Can India go the China way in real estate?

As the Chinese meltdown progresses, it is getting clearer that at the heart of the matter is the Communist government’s intention of diverting public attention from the debacle in the real estate market. 

Before the equity boom, the Chinese government tried to fuel the property bubble but could not manage it and had to create another bubble to allow investors to recover money. This ultimately led to the equity bubble which has just burst. The real estate projects have turned into a dead investment and the properties now represent ghost cities. Check this photo gallery to get an idea of what a ghost town looks like

Some of the recent satellite cities in India have a similar look. It becomes eerie after sundown when these dark structures rise above the ground without a single light in them. Is the Indian real estate market in a similar kind of bubble as their Chinese counterparts?

Around 77,460 apartments worth Rs 3,044 crore remain unsold in Mumbai, Thane and Navi Mumbai alone. The total inventory will take 30 months to sell. A survey done by JLL found out that sluggish sale is probably because of most of the ready units, which account for only 3.35% or 2,600 units, are priced above Rs 1 crore. 

In the western suburbs of Mumbai between Vile Parle to Goregaon, there are 205 completed-yet-unsold units in the range of Rs 2 crore and above. Low-priced houses are in locations which are in faraway suburbs.

Despite the high level of inventories, sellers are not willing to bring down their rack rates. Buyers, meanwhile, are hoping for a price correction and are putting off their purchases. In a report on the real estate sector, Elara Capital has pointed out that volume at across cities at the pan-India level were muted in spite of the marginal price correction seen across certain pockets. The NCR market continues to remain under pressure, while the Mumbai market continues to see sales volumes only in select projects.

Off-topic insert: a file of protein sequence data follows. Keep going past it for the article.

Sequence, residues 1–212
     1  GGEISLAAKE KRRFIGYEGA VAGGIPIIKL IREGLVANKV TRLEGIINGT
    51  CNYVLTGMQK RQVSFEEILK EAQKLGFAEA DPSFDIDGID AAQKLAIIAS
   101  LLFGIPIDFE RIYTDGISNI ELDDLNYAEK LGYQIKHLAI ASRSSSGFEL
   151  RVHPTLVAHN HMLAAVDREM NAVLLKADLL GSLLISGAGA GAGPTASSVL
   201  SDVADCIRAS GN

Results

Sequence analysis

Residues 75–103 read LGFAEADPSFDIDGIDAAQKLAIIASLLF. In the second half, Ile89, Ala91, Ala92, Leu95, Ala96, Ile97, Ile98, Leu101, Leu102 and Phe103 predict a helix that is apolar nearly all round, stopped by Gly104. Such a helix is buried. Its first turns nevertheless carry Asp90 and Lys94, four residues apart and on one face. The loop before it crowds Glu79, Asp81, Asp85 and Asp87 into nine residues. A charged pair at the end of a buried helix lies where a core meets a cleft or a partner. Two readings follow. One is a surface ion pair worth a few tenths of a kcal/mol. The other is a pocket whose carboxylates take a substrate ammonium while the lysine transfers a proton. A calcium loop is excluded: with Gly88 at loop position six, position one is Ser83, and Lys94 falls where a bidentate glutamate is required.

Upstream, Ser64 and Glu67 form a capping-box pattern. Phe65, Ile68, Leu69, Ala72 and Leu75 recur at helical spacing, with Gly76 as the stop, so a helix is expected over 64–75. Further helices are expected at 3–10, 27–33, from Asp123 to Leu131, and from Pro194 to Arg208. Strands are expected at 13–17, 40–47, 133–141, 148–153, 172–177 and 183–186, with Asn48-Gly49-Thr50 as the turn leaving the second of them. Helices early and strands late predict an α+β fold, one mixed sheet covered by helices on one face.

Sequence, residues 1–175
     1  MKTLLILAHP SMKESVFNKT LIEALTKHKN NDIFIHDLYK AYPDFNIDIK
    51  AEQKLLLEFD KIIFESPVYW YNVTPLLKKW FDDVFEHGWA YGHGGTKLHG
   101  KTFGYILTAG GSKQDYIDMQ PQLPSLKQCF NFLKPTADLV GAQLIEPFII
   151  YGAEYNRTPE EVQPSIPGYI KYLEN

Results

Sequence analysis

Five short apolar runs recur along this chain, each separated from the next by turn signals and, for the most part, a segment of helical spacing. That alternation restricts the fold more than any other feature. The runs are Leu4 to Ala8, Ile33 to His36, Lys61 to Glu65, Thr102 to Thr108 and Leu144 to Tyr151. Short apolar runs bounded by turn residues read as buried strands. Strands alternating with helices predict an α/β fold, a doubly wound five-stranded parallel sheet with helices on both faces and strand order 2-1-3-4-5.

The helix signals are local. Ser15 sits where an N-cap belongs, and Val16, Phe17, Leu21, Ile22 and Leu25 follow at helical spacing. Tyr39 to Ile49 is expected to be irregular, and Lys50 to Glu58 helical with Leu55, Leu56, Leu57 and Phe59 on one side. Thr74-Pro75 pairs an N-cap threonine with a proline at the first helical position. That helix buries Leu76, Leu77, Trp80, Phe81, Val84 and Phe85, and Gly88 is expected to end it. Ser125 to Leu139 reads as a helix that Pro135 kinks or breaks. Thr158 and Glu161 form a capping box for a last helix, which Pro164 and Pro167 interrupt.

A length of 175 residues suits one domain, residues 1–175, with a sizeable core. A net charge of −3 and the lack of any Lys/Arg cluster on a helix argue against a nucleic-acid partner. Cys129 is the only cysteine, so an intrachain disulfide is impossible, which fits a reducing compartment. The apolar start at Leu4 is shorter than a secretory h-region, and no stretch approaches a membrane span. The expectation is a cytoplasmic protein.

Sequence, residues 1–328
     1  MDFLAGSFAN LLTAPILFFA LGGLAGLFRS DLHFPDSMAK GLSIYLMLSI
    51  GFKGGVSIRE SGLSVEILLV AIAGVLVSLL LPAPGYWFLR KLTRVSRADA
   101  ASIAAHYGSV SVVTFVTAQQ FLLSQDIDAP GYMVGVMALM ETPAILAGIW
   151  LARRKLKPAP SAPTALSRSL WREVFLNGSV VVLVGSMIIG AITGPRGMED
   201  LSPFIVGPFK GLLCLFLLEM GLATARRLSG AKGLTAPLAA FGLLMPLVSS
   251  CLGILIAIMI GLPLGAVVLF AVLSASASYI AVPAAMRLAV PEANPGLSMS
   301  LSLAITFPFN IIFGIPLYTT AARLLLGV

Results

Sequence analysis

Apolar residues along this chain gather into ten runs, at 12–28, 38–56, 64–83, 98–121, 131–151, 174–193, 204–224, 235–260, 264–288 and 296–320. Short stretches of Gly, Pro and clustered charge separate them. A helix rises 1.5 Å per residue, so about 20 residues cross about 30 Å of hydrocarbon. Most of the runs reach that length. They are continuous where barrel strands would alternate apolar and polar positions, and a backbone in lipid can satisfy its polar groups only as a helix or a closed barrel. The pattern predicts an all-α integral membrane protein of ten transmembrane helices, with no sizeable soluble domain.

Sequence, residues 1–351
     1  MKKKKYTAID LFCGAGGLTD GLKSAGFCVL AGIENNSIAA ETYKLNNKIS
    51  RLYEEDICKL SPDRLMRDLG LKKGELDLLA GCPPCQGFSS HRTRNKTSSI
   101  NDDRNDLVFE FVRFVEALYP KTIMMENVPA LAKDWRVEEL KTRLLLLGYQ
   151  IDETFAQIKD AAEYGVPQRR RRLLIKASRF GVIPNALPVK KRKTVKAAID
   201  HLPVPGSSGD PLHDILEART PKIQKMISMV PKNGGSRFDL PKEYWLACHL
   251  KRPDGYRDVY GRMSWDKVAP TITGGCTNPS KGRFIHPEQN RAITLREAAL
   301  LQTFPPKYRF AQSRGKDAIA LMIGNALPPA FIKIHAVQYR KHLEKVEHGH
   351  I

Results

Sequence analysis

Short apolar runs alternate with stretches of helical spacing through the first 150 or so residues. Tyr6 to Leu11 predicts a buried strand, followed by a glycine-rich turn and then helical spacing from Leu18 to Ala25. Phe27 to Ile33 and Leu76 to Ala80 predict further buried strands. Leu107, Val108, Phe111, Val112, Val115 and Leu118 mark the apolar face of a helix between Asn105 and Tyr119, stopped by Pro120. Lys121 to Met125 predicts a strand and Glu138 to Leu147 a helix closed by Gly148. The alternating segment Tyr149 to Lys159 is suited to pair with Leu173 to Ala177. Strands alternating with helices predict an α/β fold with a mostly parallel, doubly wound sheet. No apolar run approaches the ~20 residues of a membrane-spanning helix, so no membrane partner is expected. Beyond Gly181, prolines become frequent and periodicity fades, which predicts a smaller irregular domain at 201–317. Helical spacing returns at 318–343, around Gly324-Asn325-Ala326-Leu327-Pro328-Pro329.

The numbers clearly reflect the huge mismatch between buyer and seller expectations. In Mumbai alone there are 5,311 unsold units which are priced above Rs 5 crore while 17,000 units priced between Rs 2-5 crore remain unsold.

One of the other reasons that these units have remained unsold is because investors are no longer present in the market. These properties are being bought by the final user who will be staying in the house. 

The differentiating factor between China and India real estate market is that in the case of the former the investor was left holding the baby while in India the builder is sitting on the unsold inventory.

In any other market if demand does not meet supply, prices come down. This is not the case in real estate market which is artificially propped up by builders. But deals are being struck at lower than market rates. Though market rates are ‘officially’ high, if a buyer sits with his cheque on the table a deal is struck at a decent discount.

It does not require an economist to tell you that for the sector to revive, prices have to come down. It is unlikely that buyers will get enough resources to buy houses at such high prices. The buyer always has the option of staying in a rental property. The seller will have to come down from his high pedestal to meet the buyer.

A case in the point of the builder coming down to meet the buyer is well demonstrated in the pre-launch offering process which was recently closed in Thane, near Mumbai. The rates were at a substantial discount to the market price and the issue received over 2,500 applications. Incidentally this is marginally higher than the 2,600 ready unsold flats in Mumbai proving the point for a right price there are buyers.

If builders are not going to bring down prices, perhaps the government will have to push them to do so by bringing in a regulator to control prices and curb wrongful practices. Unless this done, we should not be surprised to see Indian ghost towns like their China counterparts.



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